Prentice Hall just announced the release of Thomas Erl's latest work, SOA Design Patterns, the industry's first-ever catalog of design patterns for SOA and Service Orientation. Adoption of these proven patterns should help in addressing the quality and capabilities of SOA efforts.
I had the pleasure of participating in the formal launch of the book at the SOA Symposium in October with Thomas, and am in the process of conducting a series of podcasts interviewing Thomas and co-authors including Clemens Utschig, Mark Little, Thomas Rischbeck. and Herbjörn Wilhelmsen. (The first introductory podcasts with Thomas Erl are posted.)
The 85 patterns identified in the book include Canonical Schema Bus, Composition Design Patterns, Enterprise Service Bus, Inventory Design Patterns, Policy Enforcement, Reliable Messaging, Service Design Patterns, Service Grid, Three-Layer Inventory, and Transformation.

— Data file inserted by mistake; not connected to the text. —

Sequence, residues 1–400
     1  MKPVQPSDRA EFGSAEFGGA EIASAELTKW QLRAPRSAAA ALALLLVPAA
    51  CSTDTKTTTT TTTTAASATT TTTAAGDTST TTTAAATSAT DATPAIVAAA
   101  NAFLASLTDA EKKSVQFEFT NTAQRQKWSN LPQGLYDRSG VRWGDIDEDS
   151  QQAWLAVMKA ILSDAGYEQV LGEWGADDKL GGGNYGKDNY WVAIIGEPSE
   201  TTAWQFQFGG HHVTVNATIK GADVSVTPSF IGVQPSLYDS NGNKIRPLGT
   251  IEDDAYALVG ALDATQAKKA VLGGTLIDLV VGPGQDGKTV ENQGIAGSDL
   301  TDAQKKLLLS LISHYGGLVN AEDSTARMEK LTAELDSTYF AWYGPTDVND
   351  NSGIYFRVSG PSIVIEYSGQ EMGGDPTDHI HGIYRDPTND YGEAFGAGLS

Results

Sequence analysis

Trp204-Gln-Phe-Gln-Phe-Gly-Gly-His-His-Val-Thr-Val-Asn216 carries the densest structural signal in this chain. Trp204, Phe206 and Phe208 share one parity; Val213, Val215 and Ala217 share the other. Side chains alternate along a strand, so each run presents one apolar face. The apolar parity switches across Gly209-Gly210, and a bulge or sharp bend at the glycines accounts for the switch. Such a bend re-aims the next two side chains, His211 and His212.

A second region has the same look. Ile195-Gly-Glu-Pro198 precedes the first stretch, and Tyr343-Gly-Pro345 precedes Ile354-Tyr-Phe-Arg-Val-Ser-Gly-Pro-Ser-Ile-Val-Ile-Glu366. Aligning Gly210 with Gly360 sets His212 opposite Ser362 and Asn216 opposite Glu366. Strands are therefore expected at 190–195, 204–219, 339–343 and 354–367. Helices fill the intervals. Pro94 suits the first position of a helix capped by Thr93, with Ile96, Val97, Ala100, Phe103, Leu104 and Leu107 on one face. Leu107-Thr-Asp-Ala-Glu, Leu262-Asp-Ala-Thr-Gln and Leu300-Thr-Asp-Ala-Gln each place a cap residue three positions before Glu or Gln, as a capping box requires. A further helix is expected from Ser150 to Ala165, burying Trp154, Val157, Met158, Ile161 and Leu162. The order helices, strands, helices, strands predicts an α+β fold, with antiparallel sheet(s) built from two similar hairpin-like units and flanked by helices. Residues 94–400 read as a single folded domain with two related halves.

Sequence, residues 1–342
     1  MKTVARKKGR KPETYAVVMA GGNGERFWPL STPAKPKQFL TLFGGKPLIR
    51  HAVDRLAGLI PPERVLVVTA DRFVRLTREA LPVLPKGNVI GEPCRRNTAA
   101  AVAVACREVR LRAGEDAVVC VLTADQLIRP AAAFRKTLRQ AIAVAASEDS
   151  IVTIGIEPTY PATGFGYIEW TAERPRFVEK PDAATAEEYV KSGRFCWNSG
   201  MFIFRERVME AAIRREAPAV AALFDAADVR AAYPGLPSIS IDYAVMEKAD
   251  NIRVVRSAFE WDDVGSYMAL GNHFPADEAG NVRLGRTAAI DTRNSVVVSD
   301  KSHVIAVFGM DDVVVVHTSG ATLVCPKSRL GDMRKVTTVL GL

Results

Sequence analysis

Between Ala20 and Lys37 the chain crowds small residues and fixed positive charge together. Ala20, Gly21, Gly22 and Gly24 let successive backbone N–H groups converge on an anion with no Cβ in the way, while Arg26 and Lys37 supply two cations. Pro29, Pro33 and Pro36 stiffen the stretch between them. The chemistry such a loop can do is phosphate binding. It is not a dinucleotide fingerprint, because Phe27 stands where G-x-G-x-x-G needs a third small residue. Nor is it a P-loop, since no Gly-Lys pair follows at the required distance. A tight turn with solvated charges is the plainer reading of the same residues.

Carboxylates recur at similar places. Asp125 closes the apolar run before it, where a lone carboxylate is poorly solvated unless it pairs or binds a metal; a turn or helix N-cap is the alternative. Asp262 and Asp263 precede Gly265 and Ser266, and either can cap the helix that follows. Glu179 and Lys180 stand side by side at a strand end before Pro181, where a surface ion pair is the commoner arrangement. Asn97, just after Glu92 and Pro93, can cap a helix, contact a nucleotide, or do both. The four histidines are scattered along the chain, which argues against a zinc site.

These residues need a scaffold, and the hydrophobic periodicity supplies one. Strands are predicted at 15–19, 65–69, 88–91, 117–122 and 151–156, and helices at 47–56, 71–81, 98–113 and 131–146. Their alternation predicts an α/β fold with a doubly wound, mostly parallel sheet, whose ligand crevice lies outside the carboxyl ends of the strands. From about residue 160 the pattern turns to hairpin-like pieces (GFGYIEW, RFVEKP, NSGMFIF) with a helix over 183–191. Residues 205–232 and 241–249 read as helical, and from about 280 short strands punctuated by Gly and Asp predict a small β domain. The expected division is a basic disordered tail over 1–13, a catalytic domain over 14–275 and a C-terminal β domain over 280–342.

Thomas and his colleagues have been working on identifying and sculpting SOA patterns since 2004. If we're going to do SOA, we need to do it right, and borrow heavily from best practices identified and laid out by industry practitioners. The ability to develop services that can seamlessly integrate with each other will save a lot of resources and time. In addition, following design patterns help alleviate pressure to align services with business processes.
The patterns currently published were also well vetted and tested as part of a multi-year community participation and review process. There are also a number of candidate patterns working their way through the review process, including REST-related patterns. Members of the SOA and patterns communities are welcome to contribute, review, and use the content on this site and can submit their own candidate patterns.